Faith

With eyes closed, slowly swaying with her right hand to the sky, she sings with a passion and conviction that I can only look at with admiration and longing. My eyes close, my skin bristles, a small tear forms in the corner of my eye. The music makes me feel vulnerable, open. She begins to freeform, she breaks into a rambling tearful prayer. I’m mesmerized…

The Holy Spirit is what she’s having. And I think I want it.

Anyone who knows me knows that I have had a complex and difficult relationship with God. Once “Born again”, or so I thought in my teens it wasn’t long before I lapsed into a state of agnosticism which later devolved into what I can only call Atheism. I rejected all of it. I have no problem telling you why; I saw too many people praying for themselves and their own advancement, and I had a very hard time understanding why a kind and benevolent God would give babies cancer. While tolerant of other’s right to worship and willing to engage in a debate with anyone, and I could argue my side as good as anyone, I didn’t budge for years.

Much ado was made about my atheism when I got married. We got married in a hotel. A Justice of the Peace presided. It was a civil ceremony and I told the J.O.P. quite definitively that I wanted no mention of G.O.D. My wife, a non-practicing Jew and me a Atheistic angry ex-Protestant…well we sure pissed off our families. That, the pissed-off thing reached new heights when we failed to introduce our kids to religion. No baptisms, no Bar or Batmitzvah’s. No church or temple. I do regret teaching my children my views, as impressionable children I may have ruined it for them.

I wouldn’t begin to come around, and I only came around a small bit, until I petitioned for membership in Freemasonry. Freemasonry is a organization known for making good men better. I was by all accounts a good, if not flawed man and I was a good candidate by all standards. But I was required to acknowledge a faith in a higher power. No specifics required as to denomination or name, but no atheists. I had to really evaluate my stance because one thing I did not want to do was enter a faith-based organization characterized by worthy men on a lie.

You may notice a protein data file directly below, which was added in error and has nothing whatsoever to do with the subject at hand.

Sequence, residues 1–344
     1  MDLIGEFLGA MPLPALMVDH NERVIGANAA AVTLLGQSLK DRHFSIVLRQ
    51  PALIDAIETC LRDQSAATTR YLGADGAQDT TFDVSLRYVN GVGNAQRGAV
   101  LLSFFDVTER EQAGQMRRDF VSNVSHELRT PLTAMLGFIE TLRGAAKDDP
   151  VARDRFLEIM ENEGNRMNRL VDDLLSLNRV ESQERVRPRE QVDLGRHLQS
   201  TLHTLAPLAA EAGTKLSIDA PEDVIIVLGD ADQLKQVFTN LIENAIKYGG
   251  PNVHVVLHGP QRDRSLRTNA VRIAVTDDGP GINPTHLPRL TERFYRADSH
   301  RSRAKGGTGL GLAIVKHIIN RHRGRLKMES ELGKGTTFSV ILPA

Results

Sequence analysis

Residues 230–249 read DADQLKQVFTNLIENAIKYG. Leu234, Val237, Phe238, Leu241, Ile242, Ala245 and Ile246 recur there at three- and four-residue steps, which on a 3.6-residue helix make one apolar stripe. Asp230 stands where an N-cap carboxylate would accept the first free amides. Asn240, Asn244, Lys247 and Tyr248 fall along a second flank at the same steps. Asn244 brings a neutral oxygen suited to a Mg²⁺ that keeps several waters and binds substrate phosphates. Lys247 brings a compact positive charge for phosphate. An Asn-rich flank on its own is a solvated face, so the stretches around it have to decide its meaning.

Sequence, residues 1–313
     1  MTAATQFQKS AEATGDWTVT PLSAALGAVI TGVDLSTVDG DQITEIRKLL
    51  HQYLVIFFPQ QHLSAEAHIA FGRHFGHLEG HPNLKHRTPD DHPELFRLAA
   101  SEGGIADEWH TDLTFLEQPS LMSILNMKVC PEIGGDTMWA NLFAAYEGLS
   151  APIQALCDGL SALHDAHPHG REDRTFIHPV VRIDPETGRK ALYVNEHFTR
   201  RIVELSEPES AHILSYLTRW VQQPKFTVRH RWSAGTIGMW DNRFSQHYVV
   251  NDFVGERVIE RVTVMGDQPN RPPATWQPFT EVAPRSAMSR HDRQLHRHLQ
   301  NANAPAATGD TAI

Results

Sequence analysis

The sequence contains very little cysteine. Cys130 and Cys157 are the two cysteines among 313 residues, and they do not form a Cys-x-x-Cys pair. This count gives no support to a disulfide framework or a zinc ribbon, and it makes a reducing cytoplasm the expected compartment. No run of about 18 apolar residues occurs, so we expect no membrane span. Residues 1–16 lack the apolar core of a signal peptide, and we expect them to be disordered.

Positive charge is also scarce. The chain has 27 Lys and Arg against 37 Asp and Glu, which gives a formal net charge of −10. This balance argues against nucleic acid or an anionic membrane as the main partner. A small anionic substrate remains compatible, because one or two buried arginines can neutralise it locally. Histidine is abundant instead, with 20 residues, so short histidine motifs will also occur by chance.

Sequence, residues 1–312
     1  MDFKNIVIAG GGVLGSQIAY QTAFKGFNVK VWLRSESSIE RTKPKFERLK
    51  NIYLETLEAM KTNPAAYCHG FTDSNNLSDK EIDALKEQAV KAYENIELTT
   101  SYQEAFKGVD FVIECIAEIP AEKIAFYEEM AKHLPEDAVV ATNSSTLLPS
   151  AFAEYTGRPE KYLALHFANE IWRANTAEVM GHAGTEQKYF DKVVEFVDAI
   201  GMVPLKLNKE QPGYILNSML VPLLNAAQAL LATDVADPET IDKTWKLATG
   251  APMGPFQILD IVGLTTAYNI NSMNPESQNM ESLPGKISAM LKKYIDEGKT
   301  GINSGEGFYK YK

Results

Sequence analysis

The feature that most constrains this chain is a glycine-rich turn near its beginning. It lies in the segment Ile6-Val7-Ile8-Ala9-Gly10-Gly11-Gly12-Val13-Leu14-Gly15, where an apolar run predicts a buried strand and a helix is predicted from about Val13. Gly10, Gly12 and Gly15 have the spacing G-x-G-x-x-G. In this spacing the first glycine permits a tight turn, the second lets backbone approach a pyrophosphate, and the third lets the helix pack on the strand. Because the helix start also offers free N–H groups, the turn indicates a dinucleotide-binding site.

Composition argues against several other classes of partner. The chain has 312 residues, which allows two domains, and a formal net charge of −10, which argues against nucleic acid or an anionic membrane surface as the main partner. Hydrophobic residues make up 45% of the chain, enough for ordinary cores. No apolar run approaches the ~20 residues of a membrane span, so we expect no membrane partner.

Hard questions followed and if not for a good friend I wouldn’t have started on the path that I am now discussing.
“A good friend came out of nowhere and gave you a kidney, saving your life?”
“Yes.”
“And that was just a accident or a coincidence?”
“No.”
“You know for certain that there is nothing out there?”
“No. Nobody can honestly say that.”
“Then if you dismiss nothing, then you logically have to ackknowledge something?”
“Yes.”
“Isn’t it possible that you don’t need to know why things happen, that it’s beyond you?”
“Yes.”
That was the conversation that opened the door for me to acknowledge that maybe there’s more to it. My compromise was to call it Spirituality.

Then my father died. My father was a Godly man. He lived by a strong moral code and he loved Jesus. Especially towards the end as Parkinson’s ravaged his once strong body and spirit. When he died I started doing two things I never did before; I talked to a granite gravestone, and I began seeing shadows in my house.
The Paranormal is a great indicator of God. The shadows, hopefully my father, seemed benevolent but I had heard enough stories to know that not all are. You can’t believe in evil without acknowledging its polar opposite and that is something holy.
Still, that one incident aside, I really didn’t move beyond the label of Spiritual.